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‘Economic migrants’, ‘criminal smugglers’ and ‘a burden’: How people seeking asylum were portrayed in political and media discourse during pivotal moments in UK asylum policy and law 1999-2022

Citation: Grey, Holly (2023) ‘Economic migrants’, ‘criminal smugglers’ and ‘a burden’: How people seeking asylum were portrayed in political and media discourse during pivotal moments in UK asylum policy and law 1999-2022. [Discussion or working paper]

WPS No. 68.pdf

Creative Commons: Attribution-No Derivative Works 4.0

This project is an innovative piece of research which uses a timeline approach to analyse UK asylum policy from 1999-2022. The overall aim of the project is to understand how people seeking asylum have been represented throughout the development of UK asylum policy during this period. The enactment of the Nationality and Borders Act in 2022 inspired this project as it is momentous and has sparked outrage whilst questioning the UK’s commitment to international law. Initially, wider attitudes towards migration and debates in the discourse around refugee protection were also alluded to, in order to provide some context and understanding to increasingly restrictive asylum policy in the UK. Also, to understand the development of UK asylum policy and law from 1999-2022, chapter 1 identifies five pivotal moments throughout this time period. The surrounding political and media discourse during these pivotal moments is then analysed to understand how people seeking asylum have been portrayed. Eleven codes were identified and split into three frameworks, people seeking asylum as: unacceptable, acceptable, and a political matter. Critical discourse analysis is then applied to gain a deeper understanding of each code and the language used. It is concluded that UK asylum policy and law has taken a ‘drip-drip’ approach to reduce the rights of people seeking asylum, with the 1999 Immigration and Asylum Act laying the foundations. The portrayal of people seeking asylum in political and media discourse during these pivotal moments mirrors the wider arguments surrounding refugee protection today, with the themes of threat and binaries remaining at the forefront.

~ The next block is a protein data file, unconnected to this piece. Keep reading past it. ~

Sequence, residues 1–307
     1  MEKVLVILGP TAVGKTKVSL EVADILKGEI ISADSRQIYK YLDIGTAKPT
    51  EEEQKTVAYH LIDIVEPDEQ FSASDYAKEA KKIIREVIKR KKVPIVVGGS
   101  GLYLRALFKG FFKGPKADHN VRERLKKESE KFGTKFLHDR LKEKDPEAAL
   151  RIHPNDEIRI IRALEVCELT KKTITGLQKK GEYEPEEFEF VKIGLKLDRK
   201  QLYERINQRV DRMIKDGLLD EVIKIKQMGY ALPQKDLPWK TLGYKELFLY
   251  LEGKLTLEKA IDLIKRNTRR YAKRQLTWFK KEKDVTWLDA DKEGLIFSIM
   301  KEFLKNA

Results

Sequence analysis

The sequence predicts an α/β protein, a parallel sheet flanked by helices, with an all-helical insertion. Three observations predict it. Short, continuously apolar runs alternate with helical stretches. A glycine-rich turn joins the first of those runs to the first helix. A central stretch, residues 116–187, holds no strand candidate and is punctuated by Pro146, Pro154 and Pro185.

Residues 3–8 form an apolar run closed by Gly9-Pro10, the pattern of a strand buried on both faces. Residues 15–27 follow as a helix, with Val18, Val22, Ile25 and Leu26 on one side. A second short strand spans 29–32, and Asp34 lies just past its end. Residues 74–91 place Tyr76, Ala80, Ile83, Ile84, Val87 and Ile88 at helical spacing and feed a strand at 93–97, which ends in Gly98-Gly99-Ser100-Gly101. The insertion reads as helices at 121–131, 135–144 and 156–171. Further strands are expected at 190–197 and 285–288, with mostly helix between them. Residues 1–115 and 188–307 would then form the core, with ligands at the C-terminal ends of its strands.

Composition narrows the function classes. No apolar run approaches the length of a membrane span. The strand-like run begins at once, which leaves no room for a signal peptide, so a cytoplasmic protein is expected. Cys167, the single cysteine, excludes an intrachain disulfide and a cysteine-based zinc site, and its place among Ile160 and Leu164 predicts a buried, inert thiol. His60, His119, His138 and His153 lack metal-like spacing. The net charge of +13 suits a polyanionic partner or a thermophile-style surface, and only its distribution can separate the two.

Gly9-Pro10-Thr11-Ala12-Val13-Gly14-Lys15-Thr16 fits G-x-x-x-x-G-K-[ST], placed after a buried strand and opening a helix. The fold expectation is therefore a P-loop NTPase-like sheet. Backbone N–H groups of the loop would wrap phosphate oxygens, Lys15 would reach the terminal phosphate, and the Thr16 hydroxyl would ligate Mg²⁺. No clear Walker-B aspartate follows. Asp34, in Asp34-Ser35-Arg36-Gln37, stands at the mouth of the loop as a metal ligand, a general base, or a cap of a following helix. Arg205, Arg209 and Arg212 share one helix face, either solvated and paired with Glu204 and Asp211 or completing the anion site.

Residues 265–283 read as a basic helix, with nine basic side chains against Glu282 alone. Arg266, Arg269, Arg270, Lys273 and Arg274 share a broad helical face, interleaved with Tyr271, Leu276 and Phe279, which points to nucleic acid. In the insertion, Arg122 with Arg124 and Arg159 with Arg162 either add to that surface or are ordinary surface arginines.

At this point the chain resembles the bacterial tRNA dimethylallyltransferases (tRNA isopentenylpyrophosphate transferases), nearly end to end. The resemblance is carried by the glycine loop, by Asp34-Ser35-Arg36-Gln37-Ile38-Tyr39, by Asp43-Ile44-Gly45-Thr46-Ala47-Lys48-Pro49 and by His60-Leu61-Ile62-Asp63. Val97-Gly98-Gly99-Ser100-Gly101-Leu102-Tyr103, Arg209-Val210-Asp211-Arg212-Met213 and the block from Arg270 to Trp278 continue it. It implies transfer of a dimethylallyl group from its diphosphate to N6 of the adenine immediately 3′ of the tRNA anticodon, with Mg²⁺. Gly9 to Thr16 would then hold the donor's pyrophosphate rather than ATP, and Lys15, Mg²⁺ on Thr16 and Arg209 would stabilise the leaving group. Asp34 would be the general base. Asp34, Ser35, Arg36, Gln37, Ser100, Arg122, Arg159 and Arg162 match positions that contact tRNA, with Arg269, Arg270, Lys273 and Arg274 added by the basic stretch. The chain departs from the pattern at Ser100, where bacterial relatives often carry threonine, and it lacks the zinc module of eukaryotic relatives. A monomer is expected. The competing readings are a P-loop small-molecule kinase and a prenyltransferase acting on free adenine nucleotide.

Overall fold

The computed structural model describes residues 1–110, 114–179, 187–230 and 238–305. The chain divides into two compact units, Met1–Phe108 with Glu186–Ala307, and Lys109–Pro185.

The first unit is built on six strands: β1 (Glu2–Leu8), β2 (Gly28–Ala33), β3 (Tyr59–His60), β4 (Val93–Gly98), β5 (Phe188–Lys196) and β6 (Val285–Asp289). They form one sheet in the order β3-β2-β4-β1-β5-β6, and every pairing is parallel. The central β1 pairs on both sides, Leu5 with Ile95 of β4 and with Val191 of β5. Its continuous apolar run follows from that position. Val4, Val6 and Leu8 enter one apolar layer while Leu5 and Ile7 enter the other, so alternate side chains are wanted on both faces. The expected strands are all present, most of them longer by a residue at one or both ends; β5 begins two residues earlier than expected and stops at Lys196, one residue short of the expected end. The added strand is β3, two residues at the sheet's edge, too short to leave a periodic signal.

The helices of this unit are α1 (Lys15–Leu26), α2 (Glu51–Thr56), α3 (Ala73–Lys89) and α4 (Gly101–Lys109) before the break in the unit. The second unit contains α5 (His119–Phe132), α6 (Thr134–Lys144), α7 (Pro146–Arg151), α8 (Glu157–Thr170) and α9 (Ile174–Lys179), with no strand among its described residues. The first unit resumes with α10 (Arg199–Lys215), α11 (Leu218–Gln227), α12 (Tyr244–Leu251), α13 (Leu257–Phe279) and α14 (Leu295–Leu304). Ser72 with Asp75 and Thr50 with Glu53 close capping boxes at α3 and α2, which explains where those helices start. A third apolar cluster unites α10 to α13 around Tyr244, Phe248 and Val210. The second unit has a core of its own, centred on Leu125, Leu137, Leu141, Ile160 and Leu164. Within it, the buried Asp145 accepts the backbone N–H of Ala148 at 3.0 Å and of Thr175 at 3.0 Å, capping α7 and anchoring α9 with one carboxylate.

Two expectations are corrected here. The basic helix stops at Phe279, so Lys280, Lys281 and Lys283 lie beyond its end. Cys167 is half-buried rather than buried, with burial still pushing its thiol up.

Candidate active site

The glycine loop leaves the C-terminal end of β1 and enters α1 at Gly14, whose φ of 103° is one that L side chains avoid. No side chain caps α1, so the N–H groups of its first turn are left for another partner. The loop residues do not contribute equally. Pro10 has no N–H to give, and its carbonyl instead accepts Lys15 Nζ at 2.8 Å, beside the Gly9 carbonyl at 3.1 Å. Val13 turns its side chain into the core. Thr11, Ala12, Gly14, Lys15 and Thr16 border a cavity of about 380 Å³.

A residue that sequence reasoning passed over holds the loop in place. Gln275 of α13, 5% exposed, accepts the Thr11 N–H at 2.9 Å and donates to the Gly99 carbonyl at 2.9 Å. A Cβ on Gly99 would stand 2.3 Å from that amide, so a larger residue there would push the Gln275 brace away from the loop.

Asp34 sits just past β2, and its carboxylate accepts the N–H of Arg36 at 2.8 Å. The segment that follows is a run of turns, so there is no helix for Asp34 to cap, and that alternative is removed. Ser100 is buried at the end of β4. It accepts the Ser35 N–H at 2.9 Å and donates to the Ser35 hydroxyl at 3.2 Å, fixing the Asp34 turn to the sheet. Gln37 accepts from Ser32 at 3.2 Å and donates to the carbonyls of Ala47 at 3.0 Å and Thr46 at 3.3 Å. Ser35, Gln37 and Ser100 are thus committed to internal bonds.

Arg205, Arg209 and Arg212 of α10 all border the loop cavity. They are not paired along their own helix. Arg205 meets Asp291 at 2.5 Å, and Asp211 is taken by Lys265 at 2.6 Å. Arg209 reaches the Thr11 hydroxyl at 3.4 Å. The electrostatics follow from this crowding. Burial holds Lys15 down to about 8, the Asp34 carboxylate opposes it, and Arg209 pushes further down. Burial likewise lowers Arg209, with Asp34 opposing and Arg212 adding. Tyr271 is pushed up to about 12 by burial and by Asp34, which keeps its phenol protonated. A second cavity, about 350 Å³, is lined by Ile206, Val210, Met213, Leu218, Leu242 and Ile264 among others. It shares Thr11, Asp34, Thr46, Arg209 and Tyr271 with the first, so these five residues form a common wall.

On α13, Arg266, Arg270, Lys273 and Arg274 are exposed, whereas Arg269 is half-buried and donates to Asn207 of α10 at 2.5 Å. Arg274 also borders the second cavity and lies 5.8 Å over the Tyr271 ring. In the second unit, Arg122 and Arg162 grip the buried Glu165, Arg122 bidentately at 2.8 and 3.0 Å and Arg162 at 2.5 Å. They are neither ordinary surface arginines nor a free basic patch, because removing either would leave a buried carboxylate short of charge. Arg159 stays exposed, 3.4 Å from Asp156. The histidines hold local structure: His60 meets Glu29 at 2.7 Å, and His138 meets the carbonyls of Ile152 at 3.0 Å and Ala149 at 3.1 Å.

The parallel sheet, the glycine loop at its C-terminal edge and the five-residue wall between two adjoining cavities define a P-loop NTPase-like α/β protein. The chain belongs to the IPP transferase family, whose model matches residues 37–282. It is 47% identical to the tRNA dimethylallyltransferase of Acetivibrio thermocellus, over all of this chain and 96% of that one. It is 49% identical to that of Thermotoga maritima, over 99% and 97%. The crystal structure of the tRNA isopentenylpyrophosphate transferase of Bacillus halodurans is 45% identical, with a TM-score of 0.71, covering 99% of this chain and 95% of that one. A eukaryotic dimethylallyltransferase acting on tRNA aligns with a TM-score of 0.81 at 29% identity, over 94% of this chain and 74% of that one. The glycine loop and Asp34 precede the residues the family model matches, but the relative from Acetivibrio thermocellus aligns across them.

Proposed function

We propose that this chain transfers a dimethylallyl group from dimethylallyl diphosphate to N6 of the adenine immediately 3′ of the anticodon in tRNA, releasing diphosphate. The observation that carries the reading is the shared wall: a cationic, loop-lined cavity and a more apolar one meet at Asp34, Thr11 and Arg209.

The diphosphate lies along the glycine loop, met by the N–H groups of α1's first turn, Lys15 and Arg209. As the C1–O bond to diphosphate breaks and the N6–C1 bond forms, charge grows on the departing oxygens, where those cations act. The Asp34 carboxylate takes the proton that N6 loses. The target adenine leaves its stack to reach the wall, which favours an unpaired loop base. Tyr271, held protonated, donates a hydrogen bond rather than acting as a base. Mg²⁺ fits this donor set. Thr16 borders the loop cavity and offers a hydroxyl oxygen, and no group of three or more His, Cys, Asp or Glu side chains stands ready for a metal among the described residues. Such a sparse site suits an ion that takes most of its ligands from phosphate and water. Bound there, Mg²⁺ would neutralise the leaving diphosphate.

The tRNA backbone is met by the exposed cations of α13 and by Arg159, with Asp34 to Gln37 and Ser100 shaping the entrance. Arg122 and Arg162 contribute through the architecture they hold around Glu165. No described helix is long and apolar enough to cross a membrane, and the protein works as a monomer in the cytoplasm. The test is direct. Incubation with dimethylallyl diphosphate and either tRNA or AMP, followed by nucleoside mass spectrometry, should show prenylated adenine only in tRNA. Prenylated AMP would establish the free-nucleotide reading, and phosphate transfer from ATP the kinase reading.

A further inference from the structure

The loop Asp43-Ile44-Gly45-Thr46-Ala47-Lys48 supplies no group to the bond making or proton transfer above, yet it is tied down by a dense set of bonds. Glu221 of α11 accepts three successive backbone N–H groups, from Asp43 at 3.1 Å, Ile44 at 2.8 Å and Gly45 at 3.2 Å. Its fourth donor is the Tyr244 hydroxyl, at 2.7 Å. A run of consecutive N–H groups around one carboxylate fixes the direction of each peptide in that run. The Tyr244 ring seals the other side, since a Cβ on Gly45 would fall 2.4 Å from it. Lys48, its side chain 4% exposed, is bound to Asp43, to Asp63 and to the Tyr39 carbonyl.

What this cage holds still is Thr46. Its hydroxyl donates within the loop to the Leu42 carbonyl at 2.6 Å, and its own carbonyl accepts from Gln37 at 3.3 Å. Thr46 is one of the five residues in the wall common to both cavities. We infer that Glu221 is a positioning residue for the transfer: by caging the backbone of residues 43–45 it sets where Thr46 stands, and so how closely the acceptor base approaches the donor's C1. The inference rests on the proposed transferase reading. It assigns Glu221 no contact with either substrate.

Creators: Grey, Holly and
Subjects: Law
Politics
Sociology & Anthropology
Keywords: UK, asylum policy, critical discourse, media, politics
Collections: Refugee Law Initiative
Dates:
  • 8 December 2023 (published)

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